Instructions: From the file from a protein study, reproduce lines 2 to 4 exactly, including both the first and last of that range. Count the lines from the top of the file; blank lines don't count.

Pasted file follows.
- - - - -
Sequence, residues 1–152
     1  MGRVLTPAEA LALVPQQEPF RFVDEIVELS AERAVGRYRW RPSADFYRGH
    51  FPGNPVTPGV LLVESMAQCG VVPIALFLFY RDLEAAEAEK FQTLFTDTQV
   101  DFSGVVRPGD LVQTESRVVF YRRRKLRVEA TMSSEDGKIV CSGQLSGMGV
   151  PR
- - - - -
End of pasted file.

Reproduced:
     1  MGRVLTPAEA LALVPQQEPF RFVDEIVELS AERAVGRYRW RPSADFYRGH
    51  FPGNPVTPGV LLVESMAQCG VVPIALFLFY RDLEAAEAEK FQTLFTDTQV
   101  DFSGVVRPGD LVQTESRVVF YRRRKLRVEA TMSSEDGKIV CSGQLSGMGV